And by the way, I gotta say: My oldest skier here is 57, and he does these two moves no problem! These moves only require body weight, so they are manageable for newer skiers and snowboarders, too.

LifeBalance: Lastly, we know you’re a great trainer from your work with our co-founder, Dave Miller! Can you tell us a little bit more about your experience, services, and how people can contact you?

Luis: Well, I have been personal training for 23 years now. At the beginning of my career, I worked mostly with athletes, but over the years I’ve been working more with professionals who were perhaps athletic  in the past, or not at all, but that are nonetheless looking for an efficient way to incorporate health and fitness in their life. I also work a lot with people who have demanding situations like diabetes, heart conditions, etc., and nutrition and food related physical and emotional issues. We also work with a very diverse group of recreational and amateur athletes.

I have to say that, obviously, we focus on exercise and nutrition, but since we work mostly with busy professionals, we’ve shifted our focus from helping people achieve this very extreme fitness level, one that can be very burdensome to maintain, to focusing on helping our clients achieve a fitness and health level that is aesthetically and physically satisfactory, not only now, but with a focus on the long term. We aim to do this without disrupting their personal and professional lives, thus making a lifestyle change and not just a mere fix.

I am also supported by a great staff. Julie, Kaitlyn, Stefani and myself are well educated and experienced. We all have our specialties and areas of expertise, which adds to our collective knowledge. We don’t do the trendy stuff that you see on social media. We are familiar with the different modalities, but we don’t use one particular approach (like only recommending the Paleo diet, Powerlifting, etc.). Rather, we use our knowledge to assess the client and draw up a structured  customized plan that will work for that individual client.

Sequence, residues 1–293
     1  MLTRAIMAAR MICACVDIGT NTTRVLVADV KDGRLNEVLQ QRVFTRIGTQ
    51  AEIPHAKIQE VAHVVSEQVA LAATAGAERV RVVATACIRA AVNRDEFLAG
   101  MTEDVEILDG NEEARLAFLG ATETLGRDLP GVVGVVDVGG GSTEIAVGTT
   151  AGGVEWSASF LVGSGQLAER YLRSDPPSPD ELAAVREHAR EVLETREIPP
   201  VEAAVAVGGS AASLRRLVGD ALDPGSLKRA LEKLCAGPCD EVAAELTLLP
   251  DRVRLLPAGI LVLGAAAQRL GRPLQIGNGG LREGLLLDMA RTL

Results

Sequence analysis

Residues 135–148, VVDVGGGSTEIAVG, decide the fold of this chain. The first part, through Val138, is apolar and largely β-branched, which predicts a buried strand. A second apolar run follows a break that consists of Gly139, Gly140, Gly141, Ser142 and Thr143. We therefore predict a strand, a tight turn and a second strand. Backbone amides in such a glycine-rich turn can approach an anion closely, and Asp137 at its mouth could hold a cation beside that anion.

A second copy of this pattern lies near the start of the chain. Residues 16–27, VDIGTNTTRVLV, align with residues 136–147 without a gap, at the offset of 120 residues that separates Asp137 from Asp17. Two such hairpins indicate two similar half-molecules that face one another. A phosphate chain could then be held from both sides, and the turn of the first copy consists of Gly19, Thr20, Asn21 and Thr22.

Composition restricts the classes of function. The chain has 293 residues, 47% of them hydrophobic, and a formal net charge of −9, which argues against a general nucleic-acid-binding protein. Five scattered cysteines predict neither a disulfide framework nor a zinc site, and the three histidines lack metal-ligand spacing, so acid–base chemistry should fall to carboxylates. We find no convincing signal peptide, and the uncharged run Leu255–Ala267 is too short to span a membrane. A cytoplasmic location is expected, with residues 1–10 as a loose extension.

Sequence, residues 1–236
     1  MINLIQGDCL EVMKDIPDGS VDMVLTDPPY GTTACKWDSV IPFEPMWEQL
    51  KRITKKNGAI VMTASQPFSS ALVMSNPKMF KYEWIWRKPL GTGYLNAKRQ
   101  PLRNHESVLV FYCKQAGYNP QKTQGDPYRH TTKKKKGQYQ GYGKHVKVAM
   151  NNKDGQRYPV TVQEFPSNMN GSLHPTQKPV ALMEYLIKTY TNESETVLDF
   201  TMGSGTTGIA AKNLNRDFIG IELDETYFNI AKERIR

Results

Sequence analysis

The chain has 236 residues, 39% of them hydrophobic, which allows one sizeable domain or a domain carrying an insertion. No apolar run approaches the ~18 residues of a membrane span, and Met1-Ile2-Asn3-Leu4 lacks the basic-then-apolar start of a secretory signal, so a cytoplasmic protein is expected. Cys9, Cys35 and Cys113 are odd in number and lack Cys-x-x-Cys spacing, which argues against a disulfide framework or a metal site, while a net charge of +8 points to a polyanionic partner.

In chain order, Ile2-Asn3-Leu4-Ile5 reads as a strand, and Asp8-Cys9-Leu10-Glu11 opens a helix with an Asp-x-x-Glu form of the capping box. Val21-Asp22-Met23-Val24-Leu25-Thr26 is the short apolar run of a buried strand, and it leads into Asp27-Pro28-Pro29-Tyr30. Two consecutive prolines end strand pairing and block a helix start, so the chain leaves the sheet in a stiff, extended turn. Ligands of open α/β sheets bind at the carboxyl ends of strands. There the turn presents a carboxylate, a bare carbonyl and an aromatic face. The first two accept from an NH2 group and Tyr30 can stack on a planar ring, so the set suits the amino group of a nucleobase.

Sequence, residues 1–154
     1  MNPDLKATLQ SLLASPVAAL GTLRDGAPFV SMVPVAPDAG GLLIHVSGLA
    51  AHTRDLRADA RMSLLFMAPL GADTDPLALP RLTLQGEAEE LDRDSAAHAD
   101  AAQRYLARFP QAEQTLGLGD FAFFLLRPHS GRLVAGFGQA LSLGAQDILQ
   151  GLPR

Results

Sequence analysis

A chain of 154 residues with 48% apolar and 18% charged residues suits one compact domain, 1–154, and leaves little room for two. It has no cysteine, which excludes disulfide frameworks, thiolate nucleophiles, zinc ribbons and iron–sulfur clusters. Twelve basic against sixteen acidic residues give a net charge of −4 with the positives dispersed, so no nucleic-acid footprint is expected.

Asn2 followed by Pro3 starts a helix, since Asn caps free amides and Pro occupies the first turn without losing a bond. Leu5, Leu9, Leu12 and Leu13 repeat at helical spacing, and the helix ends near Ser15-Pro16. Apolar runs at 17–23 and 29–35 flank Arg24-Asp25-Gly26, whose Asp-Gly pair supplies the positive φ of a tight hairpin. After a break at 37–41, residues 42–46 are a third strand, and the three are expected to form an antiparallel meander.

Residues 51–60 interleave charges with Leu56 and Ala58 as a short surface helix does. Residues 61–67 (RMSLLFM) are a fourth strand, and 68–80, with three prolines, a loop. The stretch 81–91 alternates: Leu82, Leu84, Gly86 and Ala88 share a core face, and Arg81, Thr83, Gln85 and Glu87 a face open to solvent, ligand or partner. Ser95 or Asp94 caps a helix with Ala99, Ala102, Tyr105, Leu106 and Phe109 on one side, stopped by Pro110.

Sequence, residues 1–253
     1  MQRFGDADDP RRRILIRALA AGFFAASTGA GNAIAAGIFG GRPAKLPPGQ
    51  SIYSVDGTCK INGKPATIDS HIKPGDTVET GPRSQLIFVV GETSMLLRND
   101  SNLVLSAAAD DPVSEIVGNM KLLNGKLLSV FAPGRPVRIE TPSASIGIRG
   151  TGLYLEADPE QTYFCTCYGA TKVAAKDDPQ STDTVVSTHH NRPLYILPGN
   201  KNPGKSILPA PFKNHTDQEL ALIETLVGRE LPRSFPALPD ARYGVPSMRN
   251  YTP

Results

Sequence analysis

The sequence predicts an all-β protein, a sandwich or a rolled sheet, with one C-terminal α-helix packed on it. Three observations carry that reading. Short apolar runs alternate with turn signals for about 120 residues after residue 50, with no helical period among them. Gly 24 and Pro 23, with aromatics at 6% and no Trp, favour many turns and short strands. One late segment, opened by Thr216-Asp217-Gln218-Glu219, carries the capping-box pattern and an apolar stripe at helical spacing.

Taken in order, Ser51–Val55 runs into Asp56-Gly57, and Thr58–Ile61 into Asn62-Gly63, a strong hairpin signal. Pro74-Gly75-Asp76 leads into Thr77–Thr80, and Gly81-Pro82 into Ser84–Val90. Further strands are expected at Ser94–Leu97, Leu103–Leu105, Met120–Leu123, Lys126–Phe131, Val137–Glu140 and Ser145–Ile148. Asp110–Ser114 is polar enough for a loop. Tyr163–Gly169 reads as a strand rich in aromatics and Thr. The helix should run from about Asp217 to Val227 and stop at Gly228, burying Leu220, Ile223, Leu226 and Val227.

Everything we do is based on functional movement. I want everyone to be able to do a hip hinge, walk properly, have good posture, etc., regardless of their experience with exercise. In the end, what I really want is for the client to have a great experience so they don’t find it impossible to achieve optimal health and fitness, even when they have limited time, resources or even good health to begin with. I see a lot of people trying things that are way too hard or time-consuming at the beginning, and that leads people to quit. I want the person to be able to enjoy fitness and see how it will help them. If you’re starting out and the workout is so hard that you’re sore for 5 days and can hardly go to work, you can’t function. It has to be a process of slow inclusion, and not one where you have to put everything else aside to reach a fitness goal; there has to be a balance. For us here at Reliquum, the journey to achieving your best fitness and health is one of empowerment.

Disclaimer: This interview was designed to help our skiers and snowboarders get in shape for ski season! We encourage all readers to consult with a fitness or health professional to ensure they’re safely and effectively meeting their fitness and activity goals.